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Lessons from European States: Policy and Practice in Career and Technical Education

The changing nature of work raises many questions for the US education system about how to prepare skilled technicians. As work changes and the pace of innovation accelerates, technicians will need to acquire new skills. Because this phenomenon is global, there is value in looking at how other countries are responding to these realities. The EU, with its highly developed economies and various approaches to what they refer to as vocational education and training (VET), offers potential lessons for the US CTE system. This paper broadly discusses VET policies across six countries in Europe—Austria, Denmark, Finland, France, Germany, and Spain—along with the lessons they offer the US CTE system and potential policy and practice implications. Appendices A through F provide short briefs on each of these systems. Across the countries studied, VET program adaptations included many practices that are already happening in the United States but may not be done to scale or may be approached differently. These include:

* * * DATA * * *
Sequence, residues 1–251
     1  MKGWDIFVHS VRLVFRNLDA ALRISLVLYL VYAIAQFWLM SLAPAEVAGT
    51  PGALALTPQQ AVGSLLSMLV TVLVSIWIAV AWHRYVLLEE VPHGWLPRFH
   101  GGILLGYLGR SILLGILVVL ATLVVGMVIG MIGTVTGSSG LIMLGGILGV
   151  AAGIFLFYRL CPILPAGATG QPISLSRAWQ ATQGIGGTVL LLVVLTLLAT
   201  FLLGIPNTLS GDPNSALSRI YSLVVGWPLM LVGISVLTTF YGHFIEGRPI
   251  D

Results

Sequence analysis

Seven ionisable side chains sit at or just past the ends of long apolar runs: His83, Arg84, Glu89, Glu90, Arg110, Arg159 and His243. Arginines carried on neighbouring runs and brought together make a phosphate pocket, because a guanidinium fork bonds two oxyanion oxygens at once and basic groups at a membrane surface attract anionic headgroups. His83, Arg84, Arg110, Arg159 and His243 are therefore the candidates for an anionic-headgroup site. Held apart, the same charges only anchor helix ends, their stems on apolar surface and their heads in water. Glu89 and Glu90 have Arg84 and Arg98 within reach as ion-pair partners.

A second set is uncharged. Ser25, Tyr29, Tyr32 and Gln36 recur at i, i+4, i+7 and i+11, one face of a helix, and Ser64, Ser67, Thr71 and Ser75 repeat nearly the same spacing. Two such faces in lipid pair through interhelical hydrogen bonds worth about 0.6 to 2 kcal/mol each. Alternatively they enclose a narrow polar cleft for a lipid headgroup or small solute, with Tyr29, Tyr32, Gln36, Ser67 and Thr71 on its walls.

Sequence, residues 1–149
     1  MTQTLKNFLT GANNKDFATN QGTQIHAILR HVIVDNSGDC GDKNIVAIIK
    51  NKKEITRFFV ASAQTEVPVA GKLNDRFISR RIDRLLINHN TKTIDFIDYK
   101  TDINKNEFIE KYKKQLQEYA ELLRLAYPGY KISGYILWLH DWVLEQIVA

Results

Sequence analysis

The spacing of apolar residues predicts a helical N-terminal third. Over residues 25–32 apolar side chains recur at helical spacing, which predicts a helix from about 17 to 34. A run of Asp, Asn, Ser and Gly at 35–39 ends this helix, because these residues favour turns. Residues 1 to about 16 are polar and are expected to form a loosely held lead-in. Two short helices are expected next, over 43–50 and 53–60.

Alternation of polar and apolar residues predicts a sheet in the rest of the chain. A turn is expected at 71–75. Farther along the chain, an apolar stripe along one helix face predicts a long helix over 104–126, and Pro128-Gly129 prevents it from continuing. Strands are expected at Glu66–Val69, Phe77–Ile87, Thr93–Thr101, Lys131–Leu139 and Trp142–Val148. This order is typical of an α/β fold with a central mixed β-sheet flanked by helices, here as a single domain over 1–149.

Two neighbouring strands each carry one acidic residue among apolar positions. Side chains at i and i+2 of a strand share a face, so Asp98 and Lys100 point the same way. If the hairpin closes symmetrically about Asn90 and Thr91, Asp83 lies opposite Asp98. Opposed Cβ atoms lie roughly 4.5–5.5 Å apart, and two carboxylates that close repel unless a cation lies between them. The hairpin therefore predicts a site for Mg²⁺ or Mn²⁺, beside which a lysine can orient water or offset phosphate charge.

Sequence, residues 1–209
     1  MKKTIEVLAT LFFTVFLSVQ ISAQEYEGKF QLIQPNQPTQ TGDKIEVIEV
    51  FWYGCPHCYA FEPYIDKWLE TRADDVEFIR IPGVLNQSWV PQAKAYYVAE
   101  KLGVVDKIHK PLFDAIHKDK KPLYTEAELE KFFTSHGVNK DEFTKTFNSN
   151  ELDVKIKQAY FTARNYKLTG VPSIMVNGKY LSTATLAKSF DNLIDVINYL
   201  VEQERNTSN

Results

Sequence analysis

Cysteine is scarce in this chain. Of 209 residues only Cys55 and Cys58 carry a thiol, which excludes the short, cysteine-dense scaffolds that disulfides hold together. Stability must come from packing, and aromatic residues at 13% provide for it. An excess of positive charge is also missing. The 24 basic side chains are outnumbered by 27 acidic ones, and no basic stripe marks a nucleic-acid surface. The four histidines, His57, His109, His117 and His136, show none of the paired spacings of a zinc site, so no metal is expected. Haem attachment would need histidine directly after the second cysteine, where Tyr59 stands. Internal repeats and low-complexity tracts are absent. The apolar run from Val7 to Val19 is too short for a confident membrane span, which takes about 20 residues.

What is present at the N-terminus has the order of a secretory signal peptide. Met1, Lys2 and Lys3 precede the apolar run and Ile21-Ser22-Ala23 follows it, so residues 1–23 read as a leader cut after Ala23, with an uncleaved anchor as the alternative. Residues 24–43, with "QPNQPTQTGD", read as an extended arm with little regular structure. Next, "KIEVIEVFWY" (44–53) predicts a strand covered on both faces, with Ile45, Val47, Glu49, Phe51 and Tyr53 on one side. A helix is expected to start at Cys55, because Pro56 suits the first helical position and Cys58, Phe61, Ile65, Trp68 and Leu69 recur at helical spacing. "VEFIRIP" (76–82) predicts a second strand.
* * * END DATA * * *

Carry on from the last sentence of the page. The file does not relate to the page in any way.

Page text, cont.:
• implementation of multiple entry and exit points;
  • creation of educational pathways between VET and more traditional academic study;
  • recognition of non-institutional learning;
  • granting local authorities the ability to adapt and shape curriculum to local industry needs;
  • modularization of curriculum;
  • development of structures for work-based learning;
  • training and professional development in industry for VET teachers; and
  • financing VET for workers (youth and adults) and employers.

The report below examines how these practices have been implemented in various European contexts.